Alternatively, you can hail a taxi on the street but be warned that it may be harder than you think since most drivers would be on their way to fetch their next customer at a set destination. Hiring cabs online may also ensure that you are less vulnerable to scams and are more likely to be compensated if incidents arise.

Finally, it is important to note that while it is relatively cheap to hire a cab in Shanghai (compared to cities in America and Europe), with the fare starting from only ¥14 during the day, the rates fluctuate depending on the demand at the time when you are hiring, as well as the area you hire from and where you are heading to. It will be worth comparing the prices between apps and the discounts they offer.

Keep scrolling for the rest of the guide 👇

By Tautvile Daugelaite 16 September 2020


Not to be mistaken with the Huangpu River cruises, which are privately run and exclusively target tourists, the Shanghai Ferry (上海市轮渡; “Shanghaishi Dulun”) is one of the most traditional transport vehicles in the city. In operation since January 1911, the Ferry used to be the only way people could cross the Huangpu River. However, with the gradual burgeoning of bridges and tunnels, its ridership has been decreasing over the past several decades. Fortunately, the Ferry has 18 lines remaining in use due to its loyal customers and its many advantages, such as providing a change of scenery for commuters and having super economical ticket prices from only ¥2 per ride. A defining feature of the Ferry is that you can bring non-motorised vehicles and motorcycles onboard for a small extra fee, with the former costing ¥2.80 and the latter ¥4.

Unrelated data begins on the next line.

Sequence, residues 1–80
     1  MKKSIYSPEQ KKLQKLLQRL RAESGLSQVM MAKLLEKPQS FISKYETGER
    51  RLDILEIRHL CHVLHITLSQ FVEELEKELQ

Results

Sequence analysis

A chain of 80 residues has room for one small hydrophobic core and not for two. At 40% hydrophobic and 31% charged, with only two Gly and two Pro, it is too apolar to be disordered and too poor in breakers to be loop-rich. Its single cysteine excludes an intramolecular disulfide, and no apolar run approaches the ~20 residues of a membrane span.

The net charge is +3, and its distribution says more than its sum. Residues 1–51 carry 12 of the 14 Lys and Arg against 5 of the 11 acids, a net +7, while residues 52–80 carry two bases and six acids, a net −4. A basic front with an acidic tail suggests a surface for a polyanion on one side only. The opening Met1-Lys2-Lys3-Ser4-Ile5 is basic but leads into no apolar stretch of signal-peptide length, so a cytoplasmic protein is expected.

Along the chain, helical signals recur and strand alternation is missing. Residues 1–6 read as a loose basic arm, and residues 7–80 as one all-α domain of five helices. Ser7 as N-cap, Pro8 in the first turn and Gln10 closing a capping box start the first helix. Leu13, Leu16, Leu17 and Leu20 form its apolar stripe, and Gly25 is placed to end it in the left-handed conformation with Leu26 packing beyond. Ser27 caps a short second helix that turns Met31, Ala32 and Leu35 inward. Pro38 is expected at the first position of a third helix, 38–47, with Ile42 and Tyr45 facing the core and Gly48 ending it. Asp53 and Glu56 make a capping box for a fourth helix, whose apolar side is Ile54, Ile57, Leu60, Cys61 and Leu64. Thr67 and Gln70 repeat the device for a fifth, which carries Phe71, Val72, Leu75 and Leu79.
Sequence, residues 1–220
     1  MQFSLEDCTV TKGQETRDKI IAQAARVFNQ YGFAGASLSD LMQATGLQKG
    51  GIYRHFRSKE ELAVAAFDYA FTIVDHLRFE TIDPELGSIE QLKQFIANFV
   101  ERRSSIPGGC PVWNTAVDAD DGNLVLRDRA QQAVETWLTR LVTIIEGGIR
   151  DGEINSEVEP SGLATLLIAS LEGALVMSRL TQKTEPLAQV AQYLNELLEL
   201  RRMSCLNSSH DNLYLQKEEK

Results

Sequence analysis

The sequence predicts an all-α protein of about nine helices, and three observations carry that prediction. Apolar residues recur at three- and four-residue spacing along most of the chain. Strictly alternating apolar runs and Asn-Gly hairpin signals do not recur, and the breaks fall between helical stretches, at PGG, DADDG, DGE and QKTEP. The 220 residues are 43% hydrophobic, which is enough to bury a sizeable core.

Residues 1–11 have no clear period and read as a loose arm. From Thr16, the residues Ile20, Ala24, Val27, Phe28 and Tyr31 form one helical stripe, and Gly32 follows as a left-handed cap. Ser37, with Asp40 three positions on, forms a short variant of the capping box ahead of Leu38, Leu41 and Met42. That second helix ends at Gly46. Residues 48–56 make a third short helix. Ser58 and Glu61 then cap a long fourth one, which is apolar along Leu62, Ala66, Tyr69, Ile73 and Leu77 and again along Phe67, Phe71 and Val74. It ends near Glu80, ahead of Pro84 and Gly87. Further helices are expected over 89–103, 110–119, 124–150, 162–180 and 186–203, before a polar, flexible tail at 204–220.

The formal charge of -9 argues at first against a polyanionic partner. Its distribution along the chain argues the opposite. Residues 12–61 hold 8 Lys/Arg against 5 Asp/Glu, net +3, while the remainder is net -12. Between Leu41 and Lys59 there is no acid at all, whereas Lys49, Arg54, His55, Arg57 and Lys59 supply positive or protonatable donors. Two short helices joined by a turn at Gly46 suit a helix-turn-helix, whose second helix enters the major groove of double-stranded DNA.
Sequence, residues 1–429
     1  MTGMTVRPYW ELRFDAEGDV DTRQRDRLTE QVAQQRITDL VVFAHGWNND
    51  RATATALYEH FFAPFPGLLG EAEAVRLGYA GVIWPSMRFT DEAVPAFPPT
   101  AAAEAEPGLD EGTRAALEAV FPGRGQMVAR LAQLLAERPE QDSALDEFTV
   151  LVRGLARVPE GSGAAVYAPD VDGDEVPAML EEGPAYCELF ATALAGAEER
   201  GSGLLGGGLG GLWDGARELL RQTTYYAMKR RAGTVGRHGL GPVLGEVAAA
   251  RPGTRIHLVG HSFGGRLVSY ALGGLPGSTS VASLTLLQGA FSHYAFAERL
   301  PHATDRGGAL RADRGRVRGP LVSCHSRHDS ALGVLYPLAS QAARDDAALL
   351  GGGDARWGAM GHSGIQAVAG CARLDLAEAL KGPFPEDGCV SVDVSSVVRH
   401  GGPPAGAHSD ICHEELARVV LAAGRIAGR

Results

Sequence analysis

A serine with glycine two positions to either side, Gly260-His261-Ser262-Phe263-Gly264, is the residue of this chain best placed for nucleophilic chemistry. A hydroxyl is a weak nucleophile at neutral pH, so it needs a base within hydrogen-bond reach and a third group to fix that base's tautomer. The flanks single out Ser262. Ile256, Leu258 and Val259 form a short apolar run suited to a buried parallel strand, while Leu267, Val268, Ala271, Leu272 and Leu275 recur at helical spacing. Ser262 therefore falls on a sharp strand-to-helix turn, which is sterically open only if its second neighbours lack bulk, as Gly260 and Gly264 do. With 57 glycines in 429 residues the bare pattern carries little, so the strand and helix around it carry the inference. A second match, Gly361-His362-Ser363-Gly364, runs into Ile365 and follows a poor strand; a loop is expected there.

The Shanghai Maglev Train (SMT)

If you are a fan of speed, prepare to go extra fast and furious on the Shanghai Maglev. Gliding at a speed of 300 kilometres per hour (and managing a top speed of up to 431 kilometres per hour), travelling between Pudong International Airport and Longyang Road Station on the outskirts takes just over seven minutes, making the Shanghai Maglev one of the fastest commercial electric trains in the world. A single journey ticket costs ¥40 if you present a plane ticket for the same day, and the train operates at 15- to 20-minute intervals every day.

Useful apps

Apart from DiDi and some official apps released by the Shanghai City Government, here are a few more picks to help you navigate around the city:

Baidu Maps (by Baidu)

Since Google does not work in Mainland unless you toggle a cheeky VPN, installing the most widely used Baidu Maps may be the way to go in the place of Google Maps. However, the app is only available in Chinese, so if you are not familiar with the language, stick to Apple Maps, which is workable (although it is occasionally less accurate than Baidu). You can also hire taxis within Baidu Maps, which is helpful when you want to reduce individual downloads.

Metro Shanghai Subway (by MetroMan)

This app provides a comprehensive Metro map, route planner, timetables, as well as information about fares and stations. Most services and the download itself are free, and certain features do not require an Internet connection. It is available in English, Chinese, and eight other languages.

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Elaine Wong


Elaine had spent her past decade hopping between Hong Kong and the UK, the two places she calls home. Having just graduated from Oxford, Elaine has (for now) settled back in the 852. If she is not out chilling in the newest bars and cafés, she is most likely at home writing music, watching crime documentaries, and feeding the neighbourhood cat.